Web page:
India’s government may look to raise as much as a record 1 trillion rupees ($15.7 billion) from the sale of state assets in the next fiscal year to help meet tough fiscal deficit limits while giving it room to boost spending and woo voters before general elections that must be called by early 2019.
Investment bankers and economists expect the finance minister, Arun Jaitley, to set an ambitious target for the year beginning on April 1 following strong sales in the current fiscal year to the end of March.
The government is on track to raise about 925 billion rupees this fiscal year after state-run ONGC, an upstream oil company, agreed to pay 369 billion rupees to buy just over 51 percent of refiner HPCL.
The deal is set to close this month and would take the government’s asset-sales tally beyond the budget goal of 725 billion rupees, marking the first time in eight years that India had exceeded its targets.
The government accelerated asset sales in this current fiscal year after a chaotic rollout of a new national goods and services tax undermined tax collection targets.
As part of a goal to gradually bring down the fiscal deficit, India’s government has set a target for the current fiscal year of limiting the deficit to 3.2 percent of GDP and to 3 percent for the upcoming year. Analysts say the government is likely to miss this year’s target and may also revise next year’s goal.
Buoyed by this year’s bumper sales and with India’s stock markets at record highs, market participants expect Jaitley to unveil an asset-sale target of between 600 billion rupees and 1.2 trillion rupees when he unveils the fiscal 2018/19 budget on Feb. 1.
“Between this year and next year, I see them doing 2 trillion rupees worth of divestments,” said a senior banker who has worked closely with India’s Department of Investment and Public Asset Management on stake sales.
“We still have two months left in this fiscal year. If the big ones still expected this year do not happen by March, those would add to the proceeds next year – so I’d look for 1 trillion plus next year,” said the banker, declining to be named as he is not authorised to speak to the media about the government’s plans.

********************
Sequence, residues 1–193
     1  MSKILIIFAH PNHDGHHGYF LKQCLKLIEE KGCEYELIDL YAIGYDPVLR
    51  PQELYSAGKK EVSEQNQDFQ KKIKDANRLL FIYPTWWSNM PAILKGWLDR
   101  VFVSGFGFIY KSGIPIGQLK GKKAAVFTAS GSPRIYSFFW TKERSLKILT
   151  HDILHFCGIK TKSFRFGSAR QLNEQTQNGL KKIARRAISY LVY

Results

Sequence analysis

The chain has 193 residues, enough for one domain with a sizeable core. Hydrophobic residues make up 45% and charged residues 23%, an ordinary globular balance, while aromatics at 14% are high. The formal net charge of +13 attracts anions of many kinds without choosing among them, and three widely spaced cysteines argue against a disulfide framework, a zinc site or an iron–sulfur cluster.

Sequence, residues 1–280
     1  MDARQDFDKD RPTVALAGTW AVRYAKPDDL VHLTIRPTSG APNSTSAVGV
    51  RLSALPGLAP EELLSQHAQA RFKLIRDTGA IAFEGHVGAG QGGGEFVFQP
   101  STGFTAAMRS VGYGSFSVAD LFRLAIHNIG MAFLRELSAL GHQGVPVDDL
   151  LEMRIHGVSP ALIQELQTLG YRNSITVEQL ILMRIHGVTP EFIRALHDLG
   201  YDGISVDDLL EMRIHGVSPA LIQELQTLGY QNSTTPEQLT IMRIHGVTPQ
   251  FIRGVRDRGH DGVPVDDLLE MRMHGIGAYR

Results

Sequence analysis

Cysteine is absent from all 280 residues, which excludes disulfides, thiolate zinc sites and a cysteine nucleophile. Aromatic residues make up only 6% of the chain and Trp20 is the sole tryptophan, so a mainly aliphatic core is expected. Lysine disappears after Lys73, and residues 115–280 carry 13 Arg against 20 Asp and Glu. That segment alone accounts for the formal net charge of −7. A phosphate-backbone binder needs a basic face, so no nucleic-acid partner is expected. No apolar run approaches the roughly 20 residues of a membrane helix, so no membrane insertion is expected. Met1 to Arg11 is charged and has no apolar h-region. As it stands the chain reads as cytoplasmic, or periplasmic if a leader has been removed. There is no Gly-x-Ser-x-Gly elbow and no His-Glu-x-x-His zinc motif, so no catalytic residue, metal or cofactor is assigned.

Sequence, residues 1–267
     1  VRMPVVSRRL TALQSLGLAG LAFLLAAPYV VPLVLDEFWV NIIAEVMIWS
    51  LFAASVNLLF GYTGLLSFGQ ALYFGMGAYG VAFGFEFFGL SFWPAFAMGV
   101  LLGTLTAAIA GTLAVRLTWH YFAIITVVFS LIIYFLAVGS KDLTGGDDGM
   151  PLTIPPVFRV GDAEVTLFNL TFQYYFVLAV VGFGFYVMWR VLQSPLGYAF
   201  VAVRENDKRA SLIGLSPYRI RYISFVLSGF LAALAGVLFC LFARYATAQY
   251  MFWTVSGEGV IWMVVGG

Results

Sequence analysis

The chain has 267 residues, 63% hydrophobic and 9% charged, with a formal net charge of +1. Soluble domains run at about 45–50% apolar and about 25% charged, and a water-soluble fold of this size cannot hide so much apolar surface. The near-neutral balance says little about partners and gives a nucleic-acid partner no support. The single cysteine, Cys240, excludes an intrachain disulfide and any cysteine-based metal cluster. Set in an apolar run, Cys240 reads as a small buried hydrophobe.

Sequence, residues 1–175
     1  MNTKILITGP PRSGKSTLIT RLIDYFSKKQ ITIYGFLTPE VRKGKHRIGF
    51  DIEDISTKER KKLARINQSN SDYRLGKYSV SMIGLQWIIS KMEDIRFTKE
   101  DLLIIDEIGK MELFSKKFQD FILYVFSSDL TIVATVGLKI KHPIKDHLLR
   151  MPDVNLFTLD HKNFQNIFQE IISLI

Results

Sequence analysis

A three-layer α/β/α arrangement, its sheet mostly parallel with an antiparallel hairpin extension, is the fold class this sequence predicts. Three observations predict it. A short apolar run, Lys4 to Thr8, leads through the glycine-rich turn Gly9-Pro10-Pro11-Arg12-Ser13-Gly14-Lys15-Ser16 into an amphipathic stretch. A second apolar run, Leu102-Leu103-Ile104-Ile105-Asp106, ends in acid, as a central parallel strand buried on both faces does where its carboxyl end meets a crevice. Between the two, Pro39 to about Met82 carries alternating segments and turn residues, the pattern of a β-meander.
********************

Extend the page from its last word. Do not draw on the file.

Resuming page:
The top bureaucrat overseeing the asset sales programme, Neeraj Gupta, declined to be interviewed on the plans for asset sales.
Another government official, who also asked not to be identified, said the government may set a divestment target of at least 600 billion rupees to 700 billion rupees in 2018/19.
Citigroup and Deutsche Bank estimated asset-sale proceeds would top 1 trillion rupees, while Credit Suisse, Goldman Sachs, Macquarie Bank and Morgan Stanley forecast 650 billion rupees to 900 billion rupees.
The government official said the government’s efforts to sell a majority stake in flag-carrier Air India is expected to close in 2018.
Four state-run companies including guided weapon systems maker Bharat Dynamics and engineering consultant Rites Ltd have filed preliminary applications in the past month for initial public offerings that would likely happen in fiscal 2018/2019.
India has also sought advisers to help it sell stakes in nearly 20 companies, including several more IPOs based on proposals for adviser appointments reviewed by Reuters.
The government is planning secondary sales in two of India’s biggest companies, Indian Oil and Coal India, and an IPO in Hindustan Aeronautics. Banking advisers for those deals have been named.
A proposed sale of 10 percent stake in Coal India would be worth 185 billion rupees ($2.9 billion), while a planned 3 percent stake sale in Indian Oil would be worth 57 billion rupees ($897 million), based on their current share prices. The government owned 78.6 percent of Coal India and 57 percent of Indian Oil at the end December.
The government has said it plans to take three more general insurance companies public after listing two in 2017, and bankers expect at least one of those sales to happen in 2018/19.
More oil sector deals could also be in the offing, bankers said, because Indian Oil and Bharat Petroleum Corp Ltd have expressed interest in buying stakes in two other state-run oil companies.
A government of India vehicle SUUTI is sitting on stakes in three big private-sector companies worth nearly $8 billion, and has already tapped banks to sell part of these stakes down the road.
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